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Overview of California Wage and Hour Law for Restaurants, Caterers, Bakeries or Construction Contractors

Posted by Sunny D. Dobashi | Feb 28, 2013 | 0 Comments

By Rafael A. Icaza –

Do you own a restaurant, bakery or catering service?  Are you a construction contractor?  Do you have employees who are not immediate family members?  If so, this blog is for you.  In it I give you an overview of California's Wage and Hour laws.  These laws regulate the minimum and overtime wages to be paid to workers, as well as other employment-related matters, such as breaks to eat and rest.  While there are separate state and federal wage and hour laws, here I focus on California's, which are regarded as being tougher, more complex, and more difficult to comply with than their federal counterparts.  The amounts and fines due for violating these laws can quickly add up, particularly when several employees are affected.   These are the main issues I'm addressing:

  • Minimum Wage
  • Industrial Welfare Commission Wage Orders 5 and 16
  • Penalties for Non-Compliance

Minimum Wage

California's minimum wage is not less than $8.00 per hour. There are some limited exemptions from the payment of the minimum wage. Parents, spouses or children of an employer are exempt, as are persons employed in administrative, executive or professional occupations.  The exemptions are outside the scope of this blog, which is confined to the wage and hour requirements for non-exempt employees in restaurants, bakeries and caterers, and construction contracting and similar industries.

Industrial Welfare Commission Wage Orders

The regulations for those industries—and all others in the State—are found in Industrial Welfare Commission Orders, of which there are 17.  Of these, Order No. 5 regulates the “wages, hours and working conditions in the Public Housekeeping Industry” – including restaurants and similar establishments where food is prepared and served such as bakeries or catering businesses.  Order No. 16 regulates “Certain On-Site Occupations in the Construction, Drilling, Logging and Mining Industries” — such as construction, remodeling and repair work businesses.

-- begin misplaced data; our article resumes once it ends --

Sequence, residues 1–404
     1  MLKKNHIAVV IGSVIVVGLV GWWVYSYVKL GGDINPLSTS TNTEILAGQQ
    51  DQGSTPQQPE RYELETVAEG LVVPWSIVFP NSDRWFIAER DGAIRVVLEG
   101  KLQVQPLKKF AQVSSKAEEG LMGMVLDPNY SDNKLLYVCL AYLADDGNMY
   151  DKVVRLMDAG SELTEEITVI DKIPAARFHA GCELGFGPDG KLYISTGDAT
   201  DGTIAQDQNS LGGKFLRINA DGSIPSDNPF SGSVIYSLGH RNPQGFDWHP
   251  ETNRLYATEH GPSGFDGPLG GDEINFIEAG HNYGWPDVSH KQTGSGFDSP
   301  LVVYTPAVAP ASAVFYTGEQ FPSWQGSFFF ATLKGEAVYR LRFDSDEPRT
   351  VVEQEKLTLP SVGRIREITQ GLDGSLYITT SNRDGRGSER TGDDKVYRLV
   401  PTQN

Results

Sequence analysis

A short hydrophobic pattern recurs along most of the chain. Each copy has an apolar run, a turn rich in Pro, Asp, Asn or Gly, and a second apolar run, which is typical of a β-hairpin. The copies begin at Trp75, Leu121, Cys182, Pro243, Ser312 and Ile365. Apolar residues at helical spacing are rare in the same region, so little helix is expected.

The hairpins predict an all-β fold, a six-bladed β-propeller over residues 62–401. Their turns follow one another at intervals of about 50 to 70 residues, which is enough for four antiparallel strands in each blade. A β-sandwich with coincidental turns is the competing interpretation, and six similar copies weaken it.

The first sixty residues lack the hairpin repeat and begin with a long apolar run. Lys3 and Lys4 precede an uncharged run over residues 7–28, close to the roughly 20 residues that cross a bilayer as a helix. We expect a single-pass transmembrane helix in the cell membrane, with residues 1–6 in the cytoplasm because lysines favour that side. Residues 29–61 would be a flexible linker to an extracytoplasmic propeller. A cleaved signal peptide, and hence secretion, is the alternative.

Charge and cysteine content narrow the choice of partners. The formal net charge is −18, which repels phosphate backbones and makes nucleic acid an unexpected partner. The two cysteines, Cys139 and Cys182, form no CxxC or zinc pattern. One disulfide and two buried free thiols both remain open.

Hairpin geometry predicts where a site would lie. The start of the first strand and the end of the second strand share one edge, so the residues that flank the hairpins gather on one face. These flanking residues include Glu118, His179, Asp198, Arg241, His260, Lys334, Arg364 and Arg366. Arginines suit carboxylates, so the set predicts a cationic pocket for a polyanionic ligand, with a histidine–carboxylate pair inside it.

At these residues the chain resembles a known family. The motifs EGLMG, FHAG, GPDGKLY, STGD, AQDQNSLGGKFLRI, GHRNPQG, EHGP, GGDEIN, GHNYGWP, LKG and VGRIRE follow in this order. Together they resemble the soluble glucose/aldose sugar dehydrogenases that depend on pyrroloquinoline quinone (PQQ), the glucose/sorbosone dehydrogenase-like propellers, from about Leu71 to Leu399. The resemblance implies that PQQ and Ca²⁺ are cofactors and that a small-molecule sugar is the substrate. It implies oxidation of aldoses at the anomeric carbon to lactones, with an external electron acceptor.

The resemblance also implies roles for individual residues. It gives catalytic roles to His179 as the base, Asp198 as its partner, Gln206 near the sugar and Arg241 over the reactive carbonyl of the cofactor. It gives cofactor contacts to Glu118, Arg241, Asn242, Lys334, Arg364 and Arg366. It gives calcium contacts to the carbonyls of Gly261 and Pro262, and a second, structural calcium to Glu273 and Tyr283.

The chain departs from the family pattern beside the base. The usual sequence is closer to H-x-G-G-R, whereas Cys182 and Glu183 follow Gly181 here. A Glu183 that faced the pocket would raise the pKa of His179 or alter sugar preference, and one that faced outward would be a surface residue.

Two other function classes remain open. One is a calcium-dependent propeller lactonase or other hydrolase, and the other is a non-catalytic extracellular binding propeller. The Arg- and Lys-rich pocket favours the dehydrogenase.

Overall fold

Wage and Hour Orders are not particularly easy to understand or comply with.  Order No. 5, for example, is ten pages long, printed in small nine-point font characters.  Order No. 16 is eight pages long, also in nine point font. Some Orders are printed in larger 11-point font, but in Chinese. The Orders bear this legend on their covers: “This order must be posted where employees can read it easily”.

Perhaps in response to the confusion that may arise regarding the applicability of particular orders to particular jobs, the Industrial Welfare Commission created anIndex of Businesses and Occupations.  The Index sets forth a list of 623 businesses and/or occupations, with their corresponding Order.  (Some businesses and occupations are listed under more than one entry.)  Examples of the occupations include Chicken Debeaking (Order No. 14, Agricultural Occupations) and Freezing and Canning Rabbits (Order No. 3, Canning, Freezing, and Preserving Industry).

The Orders under discussion here, Nos. 5 and 16, share similarities.  In both, the workday and workweek are eight hours and 40 hours long, respectively, and the overtime rate for hours worked over eight per day or over 40 per week is 1 ½ times the employee's regular rate of pay.  Likewise, the overtime rate for hours worked over 12 in any workday and for all hours in excess of eight on the seventh consecutive day of work is double the employee's rate of pay. There are also identical provisions to calculate the overtime rate for nonexempt full-time salaried employees.  The Orders also impose records-retention requirements—to track such things as of the wages, hours and working conditions of each employee.